Chef owner Nicky Phimpoy ran Wondee Siam in Hell’s Kitchen for some 20 years before coming to the borough that boasts the most authentic Thai food in NewYork City. Paet Rio is named for her home province, located in eastern Thailand. There’s plenty of curries, yums, and larbs on the menu. What made me sit up and take notice was the roster of 14 specialty noodle dishes, particularly something called kanom chin nam-ngiao ($10.98). (more…)
Bonjuk serves one thing and one thing only, Korean rice porridge.
The real K-town in New York City is in Queens, stretching for about five miles from Northern Boulevard and Union Street in Flushing all the way out to Manhasset. This vast K-tropolis is lined with dozens of BBQ restaurants, kimbap joints, large Korean supermarkets, fried chicken spots, a store that sells Korean stone beds, and even a Korean-run Third Wave espresso bar. There are so many places it would take an entire lifetime to document them all. Today C+M’s K-tropolis takes a look at Bonjuk, a Korean porridge specialist. (more…)
I’ve passed Cienega Grocery & Deli dozens and dozens of times in my perambulations through Corona. I’ve always meant to stop in this Mexican grocer/restaurant. The other day the stars aligned in such a way that I poked my head in and learned that this humble deli specializes in the seldom-seen cuisine of Oaxaca, in the country’s Southwest. “Que es tlayuda?” read a hand lettered menu board. “Tortilla gigante de maiz orginaria de Oaxaca,” it continued, listing several options, including al pastor and chorizo.
I don’t if I was more excited to read Oaxaca or tortilla gigante. “Do you have chivo?” I asked. Once I got through the formalities and told them I knew what chivo was, I asked for a tlayuda topped with goat and eagerly awaited the arrival of the mystery antojito.
The Verizon Food crawl ended at one of my favorite spots , M. Wells Dinette.
When it comes to technology, I’m what you might call a late adopter. As for food, I am quite the opposite, living to discover new cuisines and flavors. So when Verizon contacted me to help organize and participate in a Queens food crawl on November 23 I was quite excited. Not only would I get to spend a day eating in Queens and pregame for Thanksgiving, I might learn a thing or two about technology.
Our day started at the new Verizon store in Astoria where we were each outfitted with a smart phone. Once I’d managed to set up my e-mail and social media accounts on the snazzy new LG G2, I immediately started testing out the camera. Soon we were using the Uber app to callup a car and take us to our first destination. (more…)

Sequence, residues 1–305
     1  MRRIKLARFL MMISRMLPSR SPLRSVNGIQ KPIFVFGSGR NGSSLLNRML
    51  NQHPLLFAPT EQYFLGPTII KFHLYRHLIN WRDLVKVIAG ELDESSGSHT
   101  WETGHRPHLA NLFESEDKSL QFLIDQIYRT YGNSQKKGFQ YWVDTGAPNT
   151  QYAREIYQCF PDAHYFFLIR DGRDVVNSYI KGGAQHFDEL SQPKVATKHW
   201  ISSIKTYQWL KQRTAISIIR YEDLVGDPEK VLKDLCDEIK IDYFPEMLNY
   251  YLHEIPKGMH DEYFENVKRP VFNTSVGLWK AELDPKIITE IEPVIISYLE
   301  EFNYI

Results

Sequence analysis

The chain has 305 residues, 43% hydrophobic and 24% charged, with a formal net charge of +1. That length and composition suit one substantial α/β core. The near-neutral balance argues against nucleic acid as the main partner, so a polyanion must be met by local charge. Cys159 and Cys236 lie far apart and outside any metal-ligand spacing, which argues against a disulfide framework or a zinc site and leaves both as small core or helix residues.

I live to discover the delicious in unexpected corners of Queens, whether it’s a Tibetan restaurant in the back of a cell phone store or a Malaysian joint in Flushing with a graveyard shift specializing in kari laksa. So when I heard about Mu Ramen, Joshua Smookler’s nighttime popup inside of a Long Island City bagel store, I was especially intrigued.
The scene inside Mu Ramen on Saturday night.
So I set out for Bricktown Bagel & Café on a night that was indeed quite brick. Joining me on the frigid Saturday after Thanksgiving was my pal William who knows a thing or two about Japanese food. The first thing that surprised me was that Mu’s chef, Joshua Smookler, was Asian. What’s not so surprising about the Korean-American chef with the decidedly non-Korean name is that he has a monomaniacal fascination with ramen. (more…)
The tyranny of the tasting menu—that feeling of being held hostage by a chef’s creativity as course after course after course comes to the table—is a phenomenon with which I have scant experience. The only tasting menu of note I’ve had is Momofuko Ko’s and while not quite tyrannical, it was vast, running to more than a dozen courses, each quite good in its own way. Even so sensory overload sets in by course eight or nine. It’s not that I was full, but rather that I was punch drunk on the experience, much the way I feel after wandering around an art museum for too long. So when Chef Natasha Pogrebinsky of Bear invited me to try to her $85 seasonal tasting menu, I wasn’t quite sure what to expect. (more…)